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I came across the compound 3-methylpentan-2-ol. Looking at its proton NMR spectra, it seems there is a lot of splitting for the signal at 4 ppm.

3-methylpentan-2-ol NMR spectra

I'm assuming that the 4 ppm represents the proton in the hydroxyl group (since it clearly is much more deshielded than the other protons), but this would mean it only has one neighbouring hydrogen and hence should exist as a doublet.

I just wanted to clarify, is there any reason why the 4 ppm peak has so much splitting despite only having one neighbour? Or otherwise, I have also considered, could I be incorrect in assuming the 4 ppm peak represents the hydroxyl group, and if so why?

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  • $\begingroup$ You are not correct in assuming the proton at 4 (actually closer to 3.6 - it all counts) is the proton on the -OH. So a question back to you - which proton is it? $\endgroup$ – long Mar 12 at 5:40
  • $\begingroup$ Why wouldn't the proton at 4 be due to OH, as wouldn't it be the most deshielded due to oxygen? But anyways, to answer your question, would it be the proton attached to the C-OH group? $\endgroup$ – Chemistryman Mar 12 at 6:09
  • $\begingroup$ Peaks from [labile protons in NMR ](chemistry.stackexchange.com/…) are frequently not observed, and have variable chemical shifts, unless great care is taken in sample preparation. This sample was runin CDCl3, and the -OH peak exchanges with H2O, and comes at ~1.6ppm. So, yes, the peak at 3.6 is from the CH(OH). So, can you account for the amount of splitting now? This is actually a very tricky spectrum if you are starting out with NMR. $\endgroup$ – long Mar 13 at 1:25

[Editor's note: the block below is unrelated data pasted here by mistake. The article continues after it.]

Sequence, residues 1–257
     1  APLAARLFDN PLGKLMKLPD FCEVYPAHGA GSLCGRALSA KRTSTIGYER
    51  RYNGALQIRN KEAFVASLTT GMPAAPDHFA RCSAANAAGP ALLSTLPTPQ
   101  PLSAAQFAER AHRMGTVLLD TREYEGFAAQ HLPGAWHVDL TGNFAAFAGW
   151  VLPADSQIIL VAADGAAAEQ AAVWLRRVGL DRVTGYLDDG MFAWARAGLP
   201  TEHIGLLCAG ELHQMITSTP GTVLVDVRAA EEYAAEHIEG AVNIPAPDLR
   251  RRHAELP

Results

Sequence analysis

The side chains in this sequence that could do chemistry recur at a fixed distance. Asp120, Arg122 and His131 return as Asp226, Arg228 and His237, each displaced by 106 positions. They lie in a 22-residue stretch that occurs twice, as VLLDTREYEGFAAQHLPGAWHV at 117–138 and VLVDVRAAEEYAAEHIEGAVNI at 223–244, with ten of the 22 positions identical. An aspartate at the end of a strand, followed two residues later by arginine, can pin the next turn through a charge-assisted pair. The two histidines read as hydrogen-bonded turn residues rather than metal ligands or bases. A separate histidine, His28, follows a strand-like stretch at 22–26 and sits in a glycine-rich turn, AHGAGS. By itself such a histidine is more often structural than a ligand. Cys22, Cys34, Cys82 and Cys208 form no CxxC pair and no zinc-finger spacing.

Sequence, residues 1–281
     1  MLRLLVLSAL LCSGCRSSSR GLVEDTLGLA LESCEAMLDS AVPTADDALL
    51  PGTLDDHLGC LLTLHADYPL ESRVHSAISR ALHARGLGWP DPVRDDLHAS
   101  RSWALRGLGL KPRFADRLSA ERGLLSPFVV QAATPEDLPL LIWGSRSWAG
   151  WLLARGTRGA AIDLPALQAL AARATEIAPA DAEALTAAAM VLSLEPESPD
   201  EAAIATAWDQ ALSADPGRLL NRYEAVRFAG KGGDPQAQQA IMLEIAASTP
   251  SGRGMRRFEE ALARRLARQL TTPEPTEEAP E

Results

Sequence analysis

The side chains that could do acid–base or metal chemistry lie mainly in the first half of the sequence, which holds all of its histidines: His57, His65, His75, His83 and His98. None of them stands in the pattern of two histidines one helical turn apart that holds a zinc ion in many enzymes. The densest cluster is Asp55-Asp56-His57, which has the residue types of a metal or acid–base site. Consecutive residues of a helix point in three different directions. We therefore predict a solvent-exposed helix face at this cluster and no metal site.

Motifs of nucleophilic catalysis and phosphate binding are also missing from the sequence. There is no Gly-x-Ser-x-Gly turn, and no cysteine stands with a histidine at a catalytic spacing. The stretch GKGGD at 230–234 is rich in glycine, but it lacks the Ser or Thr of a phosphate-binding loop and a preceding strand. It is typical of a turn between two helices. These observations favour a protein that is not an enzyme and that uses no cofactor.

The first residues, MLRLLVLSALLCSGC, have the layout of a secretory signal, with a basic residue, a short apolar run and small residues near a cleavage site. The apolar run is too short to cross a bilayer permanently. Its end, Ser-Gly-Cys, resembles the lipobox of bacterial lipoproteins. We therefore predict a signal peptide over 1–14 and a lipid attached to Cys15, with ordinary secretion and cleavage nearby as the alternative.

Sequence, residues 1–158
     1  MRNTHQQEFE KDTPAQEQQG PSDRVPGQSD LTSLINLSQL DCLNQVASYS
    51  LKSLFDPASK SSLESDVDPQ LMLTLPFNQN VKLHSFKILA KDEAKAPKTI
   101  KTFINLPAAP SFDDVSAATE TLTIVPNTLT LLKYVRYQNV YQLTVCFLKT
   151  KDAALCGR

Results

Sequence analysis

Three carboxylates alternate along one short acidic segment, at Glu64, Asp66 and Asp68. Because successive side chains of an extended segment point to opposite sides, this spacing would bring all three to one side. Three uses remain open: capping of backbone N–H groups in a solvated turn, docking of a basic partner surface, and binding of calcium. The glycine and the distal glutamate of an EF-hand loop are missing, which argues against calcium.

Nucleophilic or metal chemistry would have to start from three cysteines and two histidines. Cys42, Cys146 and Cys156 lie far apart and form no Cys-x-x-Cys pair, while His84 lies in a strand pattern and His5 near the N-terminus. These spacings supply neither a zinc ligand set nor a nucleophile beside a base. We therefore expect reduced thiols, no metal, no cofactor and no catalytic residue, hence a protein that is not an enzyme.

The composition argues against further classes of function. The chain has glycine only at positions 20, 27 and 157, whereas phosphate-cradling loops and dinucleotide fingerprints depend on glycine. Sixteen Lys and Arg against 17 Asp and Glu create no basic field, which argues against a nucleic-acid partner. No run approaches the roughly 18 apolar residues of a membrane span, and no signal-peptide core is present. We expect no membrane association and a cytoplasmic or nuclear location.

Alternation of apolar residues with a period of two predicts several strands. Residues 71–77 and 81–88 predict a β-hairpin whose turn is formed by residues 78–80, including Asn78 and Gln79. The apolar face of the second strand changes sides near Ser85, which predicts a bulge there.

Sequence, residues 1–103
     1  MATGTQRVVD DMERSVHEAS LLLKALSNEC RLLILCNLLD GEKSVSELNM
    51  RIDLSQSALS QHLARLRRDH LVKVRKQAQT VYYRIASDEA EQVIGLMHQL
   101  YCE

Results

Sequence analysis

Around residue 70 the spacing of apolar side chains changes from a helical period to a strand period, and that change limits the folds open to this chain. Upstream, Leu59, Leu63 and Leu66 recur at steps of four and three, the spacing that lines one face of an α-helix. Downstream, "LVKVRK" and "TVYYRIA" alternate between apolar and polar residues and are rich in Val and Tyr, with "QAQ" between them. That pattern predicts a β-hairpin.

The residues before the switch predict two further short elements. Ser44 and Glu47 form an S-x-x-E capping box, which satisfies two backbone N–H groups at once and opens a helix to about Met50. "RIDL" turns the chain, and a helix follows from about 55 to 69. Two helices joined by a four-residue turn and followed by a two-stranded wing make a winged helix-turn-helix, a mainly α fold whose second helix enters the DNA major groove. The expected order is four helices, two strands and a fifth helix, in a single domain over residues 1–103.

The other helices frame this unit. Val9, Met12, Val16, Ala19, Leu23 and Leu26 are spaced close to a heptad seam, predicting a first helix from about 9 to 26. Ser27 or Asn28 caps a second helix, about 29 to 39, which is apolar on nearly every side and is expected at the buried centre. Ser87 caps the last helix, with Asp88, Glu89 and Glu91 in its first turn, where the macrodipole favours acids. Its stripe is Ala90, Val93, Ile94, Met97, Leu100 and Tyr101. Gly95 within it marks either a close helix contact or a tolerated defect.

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This question has a few different parts to it.

Part 1 - what's that peak at 3.6ppm? Well, it's not the -OH peak. The peak at 3.6 is from the CH(OH).

Part 2 - where is the -OH peak if that isn't it at 3.6ppm? Peaks from labile protons are frequently not observed, and have variable chemical shifts, unless great care is taken in sample preparation. This sample was run in CDCl3, and the -OH peak exchanges with H2O, and comes at ~1.6ppm.

Part 3 - can we account for the splitting of the peak at 3.6ppm now we know what it is? enter image description here The CH(OH) proton should couple to proton on the adjacent carbon (split to a doublet) and also the protons of the methyl group (split to a quartet). It won't couple to the -OH for the same reason we don't readily observe the -OH; it is rapidly exchanging with water. So, we expect that the peak at 3.6ppm should be a doublet of quartets. Looks more complicated than that to me.

Part 4 - It looks more complicated that a doublet of quartets to me. What's happening there? Of course, 3-methylpentan-2-ol has 2 stereocentres, and so we have here a mixture of diastereomers in solution in the sample. Both diastereotopic CH(OH) protons have very similar chemical shifts, and so there are in fact 2 sets of doublets or quartets. It's also why the rest of the spectrum looks such a mess.

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